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Man charged with threatening to use explosive following Capitol Hill standoff

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Man charged with threatening to use explosive following Capitol Hill standoff
FBI agents examine the pickup truck involved in a bomb threat near the U.S. Capitol in Washington, D.C., on Thursday. Photo by Jemal Countess/UPI | License Photo

Aug. 20 (UPI) -- A North Carolina man faces charges of threatening to use a weapon of mass destruction and attempting to use an explosive device following a standoff in Washington, D.C., that's renewed calls for greater security on Capitol Hill.

Floyd Ray Roseberry kept authorities at bay for several hours on Thursday after he parked his pickup on a sidewalk in front of the Library of Congress and told officers that he had a bomb. U.S. Capitol Police Chief Tom Manger said he displayed what looked like a detonator in his hand.

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Roseberry, who live streamed his threat on social media during the ordeal, ultimately surrendered and was arrested.

The standoff began Thursday morning when Roseberry began throwing dollar bills onto the street from his black Chevrolet pickup truck with no license plates while parked outside of the library, according to an affidavit filed by FBI Special Agent Brandon Camiliere.

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The affidavit describes how Roseberry could be heard in his Facebook live stream claiming to have a bomb, calling for revolution and urging police to clear the area.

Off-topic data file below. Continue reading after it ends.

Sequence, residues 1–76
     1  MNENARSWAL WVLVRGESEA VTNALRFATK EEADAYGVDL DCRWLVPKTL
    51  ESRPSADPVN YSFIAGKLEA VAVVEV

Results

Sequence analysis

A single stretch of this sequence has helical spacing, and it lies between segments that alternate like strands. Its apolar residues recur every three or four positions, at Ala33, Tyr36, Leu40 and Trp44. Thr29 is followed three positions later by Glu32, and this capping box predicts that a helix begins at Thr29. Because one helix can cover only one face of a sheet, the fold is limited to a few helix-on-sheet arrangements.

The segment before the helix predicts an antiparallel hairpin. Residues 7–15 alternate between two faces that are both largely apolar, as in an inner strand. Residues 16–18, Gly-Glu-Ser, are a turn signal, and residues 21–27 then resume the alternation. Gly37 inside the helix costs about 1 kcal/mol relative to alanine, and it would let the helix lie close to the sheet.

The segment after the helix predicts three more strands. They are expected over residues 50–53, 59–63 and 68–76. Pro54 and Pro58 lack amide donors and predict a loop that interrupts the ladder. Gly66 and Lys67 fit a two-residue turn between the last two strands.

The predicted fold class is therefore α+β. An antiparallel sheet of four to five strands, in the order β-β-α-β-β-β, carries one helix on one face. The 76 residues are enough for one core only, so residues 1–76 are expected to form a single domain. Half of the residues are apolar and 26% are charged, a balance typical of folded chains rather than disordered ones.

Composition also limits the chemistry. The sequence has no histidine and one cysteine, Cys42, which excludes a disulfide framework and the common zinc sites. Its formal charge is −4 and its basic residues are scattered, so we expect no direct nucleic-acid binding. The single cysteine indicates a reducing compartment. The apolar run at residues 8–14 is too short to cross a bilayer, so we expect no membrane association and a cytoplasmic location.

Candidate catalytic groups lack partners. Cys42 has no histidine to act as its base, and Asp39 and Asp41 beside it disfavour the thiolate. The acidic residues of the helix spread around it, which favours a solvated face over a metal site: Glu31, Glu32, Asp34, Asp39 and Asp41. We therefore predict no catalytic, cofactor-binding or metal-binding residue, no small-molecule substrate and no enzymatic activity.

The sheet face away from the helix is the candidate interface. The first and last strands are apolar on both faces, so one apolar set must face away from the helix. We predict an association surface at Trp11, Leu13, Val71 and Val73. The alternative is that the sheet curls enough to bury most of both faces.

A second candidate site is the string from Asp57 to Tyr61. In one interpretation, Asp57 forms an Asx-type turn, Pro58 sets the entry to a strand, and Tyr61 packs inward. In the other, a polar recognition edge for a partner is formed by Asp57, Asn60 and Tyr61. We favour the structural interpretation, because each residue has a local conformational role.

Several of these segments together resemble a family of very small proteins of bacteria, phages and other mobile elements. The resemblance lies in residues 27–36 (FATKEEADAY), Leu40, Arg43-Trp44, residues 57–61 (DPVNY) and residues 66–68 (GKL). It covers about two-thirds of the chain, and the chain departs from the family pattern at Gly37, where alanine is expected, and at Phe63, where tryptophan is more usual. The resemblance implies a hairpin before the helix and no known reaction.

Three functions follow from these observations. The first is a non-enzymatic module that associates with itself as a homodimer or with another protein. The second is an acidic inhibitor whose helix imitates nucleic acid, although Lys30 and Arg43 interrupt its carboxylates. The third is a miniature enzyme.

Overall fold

Roseberry said the bomb was made of 2.5 pounds of tannerite, an over-the-counter explosive, according to the affidavit. Once law enforcement arrived, Roseberry began communicating to them with messages written on a dry-erase board.

While holding up an old metal can that appeared to be fashioned into an explosive device, he used the board to indicate that the bomb would be triggered by a loud noise or the truck's windows being shot, the affidavit said.

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[President] "Joe Biden I'm not hurting nobody, but I think these flags need to go to half-staff brotha,'" he said, according to the affidavit. "I'm telling you, my windows pop, this bomb is gonna go, it's made for decimals."

U.S. Capitol Police said in a statement that officers brought him a phone "in hopes of trying to continue the dialogue. Then the suspect got out of the car on his own and USCP officers safely took him into custody."

After being taken into custody, law enforcement found an unknown powder at the bottom of the can and a fabricated trigger attached to the top, the affidavit said. The can was sent to an FBI laboratory for examination.

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Manger said there's no evidence Roseberry was aided by others. He'd previously posted videos to social media supporting former President Donald Trump and posted clips from the so-called "Million MAGA March" in Washington, D.C., last fall after Trump was defeated by Biden.